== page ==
Archive for December, 2005

Reflections on Creation, Redemption, and the Christian Life

December 31, 2005

Recently I have been thinking a lot about what it means to live the Christian life. Read the two biblical statements below and ask yourself how they might lead to two completely different visions:

There is nothing better for a person than that he should eat and drink and find enjoyment in his toil. This also, I saw, is from the hand of God, for apart from him who can eat or who can have enjoyment? — Ecclesiastes 2:24-25

If anyone would come after me, let him deny himself and take up his cross daily and follow me. For whoever would save his life will lose it, but whoever loses his life for my sake will save it. — Luke 9:23-24

The first one sounds a bit like carpe diem, but the second sounds more like monastic asceticism. I think both interpretations are wrong.

This is another tension in the Christian faith, one that rests on the distinction between creation and redemption, between nature and grace. The doctrine of creation reminds us that everything God made is good and should be enjoyed. Good company, food, entertainment, art, the beauty of this world–we should savor them all. And yet, the Bible also warns of the danger of exchanging the Creator for the creature (Rom 1:18-23). Idolatry is not necessarily a preference for something inherently evil (in fact, since God created all things, nothing is inherently evil). Idolatry is, instead, a lack of proportion. A tree is a marvelous thing. It provides delight to the eyes, gives shade from the hot sun, absorbs carbon dioxide and expels oxygen, in some cases provides fruit or nuts for people and animals to eat, and on top of it all can be chopped down for its wood, which has thousands of uses. And yet, the ancient Israelites found it so easy to pervert trees by carving them into gods. Idolatry is just that: a perversion of something good, the unwarranted elevation of a created thing to the status of divinity. Pure carpe diem philosophy turns God’s good creation into an idol, because it rests all hopes not on God as revealed to us in Christ, but on God’s gifts to us in creation. The Lord gives, and the Lord takes away, and it is our obligation to love and worship him in the midst of both (Job 2:20-21).

The doctrine of redemption reminds us that we live in a fallen world that can only be renewed in Christ. Whereas the cultural mandate of Genesis 1:28 commands us to be fruitful and multiply, to fill the earth and subdue it, the Great Commission of Matthew 28:18-20 directs us to make disciples of all nations. I consider the latter to be a subset of the former, but in this present evil age (Gal. 4:4), evangelism is the leading edge of redeeming human culture. It is not the only aspect, but it is the most prominent. This is why losing our lives is necessary. Theologies that fail to reckon with the dark reality of sin and the lost condition of mankind (those that lean more heavily toward the pole of creation rather than redemption) will soft-pedal the church’s mission to make disciples of all nations. Inclusivism (the idea that sincere adherents to other religions, and perhaps even atheists and agnostics, may be saved by Christ without knowing him) is already the official teaching of the Roman Catholic Church. It has also been growing in popularity among Protestants as well, and it appears that emerging church leaders like Brian McLaren are keen on promoting it (see chapter 17 of A Generous Orthodoxy). All theologies that overlook the radical nature of sin will fail to uphold the antithetical nature of the gospel. In so doing, they will lead not to bold witness but to cultural accomodation. They will produce Christians who want to save their lives rather than lose them for Christ.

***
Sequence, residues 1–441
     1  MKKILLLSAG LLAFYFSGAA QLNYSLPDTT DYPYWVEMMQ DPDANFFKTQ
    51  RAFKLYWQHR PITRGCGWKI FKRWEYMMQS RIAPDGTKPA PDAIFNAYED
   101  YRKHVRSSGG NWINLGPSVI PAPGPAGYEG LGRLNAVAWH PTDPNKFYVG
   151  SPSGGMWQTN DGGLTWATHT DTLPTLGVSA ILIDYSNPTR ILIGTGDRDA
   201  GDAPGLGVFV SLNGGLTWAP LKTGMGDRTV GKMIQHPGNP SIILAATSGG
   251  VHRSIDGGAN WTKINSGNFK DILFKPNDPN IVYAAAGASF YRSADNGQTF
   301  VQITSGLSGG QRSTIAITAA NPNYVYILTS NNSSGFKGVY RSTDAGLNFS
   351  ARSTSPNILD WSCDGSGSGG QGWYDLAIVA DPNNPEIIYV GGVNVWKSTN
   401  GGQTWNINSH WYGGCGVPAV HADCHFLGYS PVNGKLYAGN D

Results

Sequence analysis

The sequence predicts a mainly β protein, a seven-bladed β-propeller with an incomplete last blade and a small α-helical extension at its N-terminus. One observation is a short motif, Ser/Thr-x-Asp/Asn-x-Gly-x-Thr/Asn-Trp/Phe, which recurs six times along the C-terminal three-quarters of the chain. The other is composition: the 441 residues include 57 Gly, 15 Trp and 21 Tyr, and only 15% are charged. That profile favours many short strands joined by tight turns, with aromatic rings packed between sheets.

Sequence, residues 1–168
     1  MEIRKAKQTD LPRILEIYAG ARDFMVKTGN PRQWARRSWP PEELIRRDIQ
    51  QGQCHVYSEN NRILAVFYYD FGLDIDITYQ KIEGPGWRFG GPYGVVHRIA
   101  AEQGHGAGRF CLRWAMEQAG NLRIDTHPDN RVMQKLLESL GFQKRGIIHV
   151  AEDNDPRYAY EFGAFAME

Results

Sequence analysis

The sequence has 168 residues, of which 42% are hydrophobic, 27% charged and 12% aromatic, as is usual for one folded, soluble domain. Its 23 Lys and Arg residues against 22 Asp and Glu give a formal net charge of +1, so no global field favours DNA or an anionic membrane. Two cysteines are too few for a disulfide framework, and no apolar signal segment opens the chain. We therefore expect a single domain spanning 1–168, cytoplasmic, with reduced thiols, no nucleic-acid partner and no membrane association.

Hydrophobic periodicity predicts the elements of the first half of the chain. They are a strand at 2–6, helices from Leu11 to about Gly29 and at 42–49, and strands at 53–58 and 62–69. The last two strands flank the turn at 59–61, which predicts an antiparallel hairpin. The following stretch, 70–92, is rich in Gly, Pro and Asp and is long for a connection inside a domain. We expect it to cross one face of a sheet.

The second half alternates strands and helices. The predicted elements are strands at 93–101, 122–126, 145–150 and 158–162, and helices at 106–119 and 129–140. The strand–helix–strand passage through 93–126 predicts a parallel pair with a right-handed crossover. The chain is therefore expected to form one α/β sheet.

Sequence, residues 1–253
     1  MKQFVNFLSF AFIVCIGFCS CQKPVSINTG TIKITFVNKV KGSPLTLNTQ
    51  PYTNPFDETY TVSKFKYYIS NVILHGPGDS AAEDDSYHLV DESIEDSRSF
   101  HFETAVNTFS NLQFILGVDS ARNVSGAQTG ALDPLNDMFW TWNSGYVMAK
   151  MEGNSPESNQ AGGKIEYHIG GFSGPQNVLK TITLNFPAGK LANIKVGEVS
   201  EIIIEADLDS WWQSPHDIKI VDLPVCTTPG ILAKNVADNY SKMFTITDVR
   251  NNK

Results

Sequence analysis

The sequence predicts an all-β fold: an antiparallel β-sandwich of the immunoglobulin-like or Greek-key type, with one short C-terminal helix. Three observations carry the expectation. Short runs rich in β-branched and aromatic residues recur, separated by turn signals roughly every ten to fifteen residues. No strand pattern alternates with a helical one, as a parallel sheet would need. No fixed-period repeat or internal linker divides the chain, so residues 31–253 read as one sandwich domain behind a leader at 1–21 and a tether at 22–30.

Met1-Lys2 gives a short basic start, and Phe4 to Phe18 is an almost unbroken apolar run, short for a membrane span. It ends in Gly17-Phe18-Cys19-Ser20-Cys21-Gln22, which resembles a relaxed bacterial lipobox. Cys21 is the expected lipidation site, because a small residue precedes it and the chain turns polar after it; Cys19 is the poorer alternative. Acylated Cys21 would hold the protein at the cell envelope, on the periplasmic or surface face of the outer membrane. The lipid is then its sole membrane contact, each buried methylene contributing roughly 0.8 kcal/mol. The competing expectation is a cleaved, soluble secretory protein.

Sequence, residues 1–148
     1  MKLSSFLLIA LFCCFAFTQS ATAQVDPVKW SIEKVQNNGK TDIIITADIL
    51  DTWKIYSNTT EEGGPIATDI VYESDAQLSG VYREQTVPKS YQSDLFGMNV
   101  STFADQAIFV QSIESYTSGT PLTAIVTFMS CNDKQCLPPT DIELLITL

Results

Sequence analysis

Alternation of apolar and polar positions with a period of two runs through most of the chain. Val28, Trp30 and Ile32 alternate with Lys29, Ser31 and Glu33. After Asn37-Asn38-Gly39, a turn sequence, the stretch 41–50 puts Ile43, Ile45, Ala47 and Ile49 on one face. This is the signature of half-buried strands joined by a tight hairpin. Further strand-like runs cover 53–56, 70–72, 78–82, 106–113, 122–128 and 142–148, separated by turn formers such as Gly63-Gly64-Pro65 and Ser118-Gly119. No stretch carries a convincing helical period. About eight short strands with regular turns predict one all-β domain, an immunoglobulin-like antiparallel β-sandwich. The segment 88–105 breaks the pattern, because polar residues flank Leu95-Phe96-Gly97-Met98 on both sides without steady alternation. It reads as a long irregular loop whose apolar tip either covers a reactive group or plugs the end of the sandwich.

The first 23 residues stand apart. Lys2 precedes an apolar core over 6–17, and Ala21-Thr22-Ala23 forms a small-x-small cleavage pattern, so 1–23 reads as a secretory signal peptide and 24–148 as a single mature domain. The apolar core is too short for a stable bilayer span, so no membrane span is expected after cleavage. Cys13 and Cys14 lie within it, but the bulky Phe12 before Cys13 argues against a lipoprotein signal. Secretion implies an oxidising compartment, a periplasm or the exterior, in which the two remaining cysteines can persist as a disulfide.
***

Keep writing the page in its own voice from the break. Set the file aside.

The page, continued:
And yet, a perverted form of devotion to God could lead to another kind of idolatry:

If with Christ you died to the elemental spirits of the world, why, as if you were still alive in the world, do you submit to regulations–“Do not handle, do not taste, do not touch” (referring to things that all perish as they are used)–according to human precepts and teachings? These have indeed an appearance of wisdom in promoting self-made religion and asceticism and severity to the body, but they are of no value in stopping the indulgence of the flesh. — Colossians 2:20-23

Asceticism is not a Christian virtue. When I was in the youth group at my home church, I tended to operate with something of a Neo-Platonic view of spirituality: only “spiritual” activities like prayer, Bible study, and witnessing were of real value to God. I have since learned how antithetical Christianity was in its early years to the Greek philosophies common at the time, many of which denied the value of the body or of physical things. In Athens Paul proclaimed the bodily resurrection of Christ, and it was at that point that his audience balked. And if Christ has redeemed us–body and all–then bodily pleasures like food, drink, exercise, and lovemaking cannot be worthless to God.